The Old Wine Shades
Over the course of three nights, Harry – a stranger who sits down next to Jury one night in a London pub – spins a complicated story about a good friend of his whose wife, son and dog disappeared over nine-months ago during a house viewing in Surrey. There has been no trace of them and no clue as to what happened. But the dog has come back.
Dumbfounded, Jury wonders if Harry Johnson is just winding him up. Or did it really happen? When Jury investigates, all seems to be just as Harry described it. Until he finds the body…
‘Grimes’s love of the offbeat, the whimsical and the absurd makes [the Richard Jury series] utterly unlike anyone else’s detective novels.’ (Washington Post)
Billy Maples, former patron of London’s finest art galleries and current tenant of Lamb House in Rye – the late Henry James’s residence – is found murdered in an upmarket hotel in London. Richard Jury, Scotland Yard’s finest, finds himself faced with yet another perplexing investigation.
As Jury delves deeper into the fragments of the life Maples left behind, he finds himself entangled in a web of conflicting stories and false leads. Having enlisted the help of his faithful friend Melrose Plant, Jury must contend with both the case’s lead detective, Lu Aguilar, and the surprise appearance of Maples’s mysterious young nephew in order to crack the case.
The Winds of Change
When an unidentified five-year-old girl is shot on a grimy street in London, Jury knows this will be one of the hardest investigations of his career. He is joined by his colleague DI Johnny Blakeley, head of the paedophile unit of New Scotland Yard, who suspects Viktor Baumann, owner of an iniquitous house on the same street – an operation Blakeley has been long trying to shut down.
Meanwhile, at Angel Gate, where Jury’s trusty sidekick, Melrose Plant, is now a gardener, an unidentified woman has been murdered in the grounds of Declan Scott’s estate. First on the scene is commander of the Devon and Cornwall police, Brian Macalvie. Three years earlier, Declan Scott’s four-year-old stepdaughter, Flora, was abducted and shortly after her disappearance, her mother died too, leaving Declan bereft.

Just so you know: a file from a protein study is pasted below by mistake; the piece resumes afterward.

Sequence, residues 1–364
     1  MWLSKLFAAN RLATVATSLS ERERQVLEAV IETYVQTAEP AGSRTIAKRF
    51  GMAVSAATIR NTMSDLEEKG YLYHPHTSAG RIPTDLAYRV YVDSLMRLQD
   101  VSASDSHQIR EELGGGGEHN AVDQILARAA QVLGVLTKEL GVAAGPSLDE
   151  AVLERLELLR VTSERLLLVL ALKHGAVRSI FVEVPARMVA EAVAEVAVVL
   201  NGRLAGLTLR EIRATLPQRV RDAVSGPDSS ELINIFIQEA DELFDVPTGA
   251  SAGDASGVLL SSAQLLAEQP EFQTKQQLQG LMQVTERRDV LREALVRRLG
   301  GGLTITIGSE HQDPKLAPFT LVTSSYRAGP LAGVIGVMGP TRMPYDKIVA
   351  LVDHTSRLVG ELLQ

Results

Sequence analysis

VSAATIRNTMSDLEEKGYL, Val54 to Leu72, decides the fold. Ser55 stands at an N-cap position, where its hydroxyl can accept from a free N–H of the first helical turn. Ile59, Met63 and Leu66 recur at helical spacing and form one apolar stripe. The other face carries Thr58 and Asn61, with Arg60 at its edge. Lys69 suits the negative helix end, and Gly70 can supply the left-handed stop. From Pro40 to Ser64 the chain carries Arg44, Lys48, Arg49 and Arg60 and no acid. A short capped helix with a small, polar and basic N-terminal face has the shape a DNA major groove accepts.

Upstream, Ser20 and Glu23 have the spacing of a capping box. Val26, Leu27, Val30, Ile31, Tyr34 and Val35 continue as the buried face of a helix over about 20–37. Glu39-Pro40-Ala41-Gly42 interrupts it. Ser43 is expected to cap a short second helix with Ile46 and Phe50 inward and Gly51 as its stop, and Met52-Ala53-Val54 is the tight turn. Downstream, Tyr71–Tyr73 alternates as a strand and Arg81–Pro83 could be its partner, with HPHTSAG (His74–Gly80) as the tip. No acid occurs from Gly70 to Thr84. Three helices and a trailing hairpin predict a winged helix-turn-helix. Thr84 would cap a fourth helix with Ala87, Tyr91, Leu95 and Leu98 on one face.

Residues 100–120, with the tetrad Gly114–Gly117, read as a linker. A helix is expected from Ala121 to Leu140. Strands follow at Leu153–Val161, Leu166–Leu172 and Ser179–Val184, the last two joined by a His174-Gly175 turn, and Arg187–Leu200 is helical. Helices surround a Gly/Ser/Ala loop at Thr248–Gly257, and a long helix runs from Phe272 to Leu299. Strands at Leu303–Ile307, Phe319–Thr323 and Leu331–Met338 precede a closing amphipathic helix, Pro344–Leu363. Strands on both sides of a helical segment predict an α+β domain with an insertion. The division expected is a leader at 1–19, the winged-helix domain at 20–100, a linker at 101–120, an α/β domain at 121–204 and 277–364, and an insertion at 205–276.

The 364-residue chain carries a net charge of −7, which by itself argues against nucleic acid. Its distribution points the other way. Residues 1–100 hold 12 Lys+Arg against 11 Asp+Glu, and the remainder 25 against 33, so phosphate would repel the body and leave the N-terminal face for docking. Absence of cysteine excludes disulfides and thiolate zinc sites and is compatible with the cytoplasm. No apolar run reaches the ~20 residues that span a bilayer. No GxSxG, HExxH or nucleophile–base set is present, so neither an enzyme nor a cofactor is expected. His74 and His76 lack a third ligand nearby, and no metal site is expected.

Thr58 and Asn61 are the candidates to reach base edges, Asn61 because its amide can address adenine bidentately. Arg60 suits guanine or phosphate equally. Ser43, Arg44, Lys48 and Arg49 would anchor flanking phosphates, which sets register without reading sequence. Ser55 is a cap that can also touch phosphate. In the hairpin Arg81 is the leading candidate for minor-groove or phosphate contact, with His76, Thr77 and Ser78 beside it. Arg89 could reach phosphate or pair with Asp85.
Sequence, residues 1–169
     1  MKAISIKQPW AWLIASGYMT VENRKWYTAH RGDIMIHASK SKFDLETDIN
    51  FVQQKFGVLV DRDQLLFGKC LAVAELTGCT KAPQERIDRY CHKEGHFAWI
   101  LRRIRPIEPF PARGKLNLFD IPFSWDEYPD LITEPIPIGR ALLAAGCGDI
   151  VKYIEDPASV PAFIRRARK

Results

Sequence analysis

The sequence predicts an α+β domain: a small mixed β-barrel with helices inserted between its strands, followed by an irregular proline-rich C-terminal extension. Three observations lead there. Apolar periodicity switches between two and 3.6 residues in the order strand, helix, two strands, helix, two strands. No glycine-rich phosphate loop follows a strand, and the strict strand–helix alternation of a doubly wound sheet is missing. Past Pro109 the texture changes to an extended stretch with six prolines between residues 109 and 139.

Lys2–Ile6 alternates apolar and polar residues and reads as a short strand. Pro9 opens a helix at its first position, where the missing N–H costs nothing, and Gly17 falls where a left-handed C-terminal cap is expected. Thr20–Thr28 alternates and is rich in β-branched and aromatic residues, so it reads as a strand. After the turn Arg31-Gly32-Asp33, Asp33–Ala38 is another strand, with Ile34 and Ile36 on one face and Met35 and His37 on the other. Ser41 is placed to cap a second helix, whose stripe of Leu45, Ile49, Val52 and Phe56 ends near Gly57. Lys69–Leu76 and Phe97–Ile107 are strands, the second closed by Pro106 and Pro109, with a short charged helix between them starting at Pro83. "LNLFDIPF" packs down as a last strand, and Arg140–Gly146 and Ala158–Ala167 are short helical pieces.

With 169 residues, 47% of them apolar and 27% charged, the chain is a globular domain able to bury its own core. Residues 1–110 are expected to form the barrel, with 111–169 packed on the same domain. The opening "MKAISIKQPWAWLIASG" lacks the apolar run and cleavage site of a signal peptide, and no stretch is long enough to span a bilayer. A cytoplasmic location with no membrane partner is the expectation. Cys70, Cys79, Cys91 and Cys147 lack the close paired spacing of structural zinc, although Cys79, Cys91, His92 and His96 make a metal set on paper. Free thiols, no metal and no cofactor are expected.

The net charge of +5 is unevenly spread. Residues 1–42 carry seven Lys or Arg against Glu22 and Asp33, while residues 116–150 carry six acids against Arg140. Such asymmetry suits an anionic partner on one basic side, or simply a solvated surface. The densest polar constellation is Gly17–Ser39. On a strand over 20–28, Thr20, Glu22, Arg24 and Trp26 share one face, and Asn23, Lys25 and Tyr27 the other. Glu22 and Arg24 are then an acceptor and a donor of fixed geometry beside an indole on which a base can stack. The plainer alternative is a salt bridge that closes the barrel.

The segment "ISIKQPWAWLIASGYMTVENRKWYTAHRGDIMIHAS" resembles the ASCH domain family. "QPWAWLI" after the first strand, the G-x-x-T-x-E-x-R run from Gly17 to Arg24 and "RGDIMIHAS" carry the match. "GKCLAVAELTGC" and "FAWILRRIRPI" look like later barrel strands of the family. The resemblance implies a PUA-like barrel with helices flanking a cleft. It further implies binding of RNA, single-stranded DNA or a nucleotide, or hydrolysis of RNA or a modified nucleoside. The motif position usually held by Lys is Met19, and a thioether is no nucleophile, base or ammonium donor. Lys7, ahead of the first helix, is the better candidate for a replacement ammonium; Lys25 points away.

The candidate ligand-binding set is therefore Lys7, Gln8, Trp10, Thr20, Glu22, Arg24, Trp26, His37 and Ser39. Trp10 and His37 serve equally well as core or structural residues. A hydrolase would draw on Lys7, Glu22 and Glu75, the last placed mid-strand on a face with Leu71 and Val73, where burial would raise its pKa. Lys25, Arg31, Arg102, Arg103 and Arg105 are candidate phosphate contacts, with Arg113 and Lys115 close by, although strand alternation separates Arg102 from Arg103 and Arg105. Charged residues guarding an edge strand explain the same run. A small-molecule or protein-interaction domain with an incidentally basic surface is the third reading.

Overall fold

Together Jury, Macalvie, Blakeley and Plant rake over the past and the present and find that all sign posts point to the guilt of Viktor Baumann, who happens to be Flora’s father. But when no one in this case is exactly who they seem, how can Jury be sure?
The Old Fox Deceiv'd
In Rackmoor, a Yorkshire fishing village, the twelfth night of Christmas comes to a dramatic and disturbing end when the corpse of a young woman is discovered. Once again, Inspector Jury’s assistance is required.
However, Jury finds himself struggling at the first hurdle – the girl’s identity – and learns that, before he can grapple with the village’s future, and even its present, he must first face confront its past which turns out to be a tangled maze of unrequited loves, unrevenged wrongs, and even undiscovered murders.
Who was this girl? Was she Gemma Temple, an impostor, or was she really Dillys March, Colonel Titus Crael’s long-lost ward, returning after eight years to the Colonel’s country seat to claim a share of his fortune? And who could possibly want her dead…?
The Grave Maurice
From the confines of his hospital bed, Inspector Jury is seeking refuge from Nurse Hannibal’s constant speculations about his chances of survival when his friend, and partner in crime (prevention), Melrose Plant, arrives with a distraction. It’s a story he overheard a young woman telling in The Grave Maurice about a girl named Nell Ryder – granddaughter to the owner of the Ryder Stud Farm in Cambridgeshire who has been missing for more than a year. More interestingly though, she is the daughter of Jury’s surgeon.
In the wake of this discovery, a woman is found dead on the Ryders’ farm – a stranger to the Ryders, but not to Plant. She is the woman he overheard in The Grave Maurice.
Together with Jury, Nell’s family, and the Cambridgeshire police, Plant embarks on a search to find Nell and bring her home. But is there more to their mission than just restoring a fifteen-year-old girl to her family?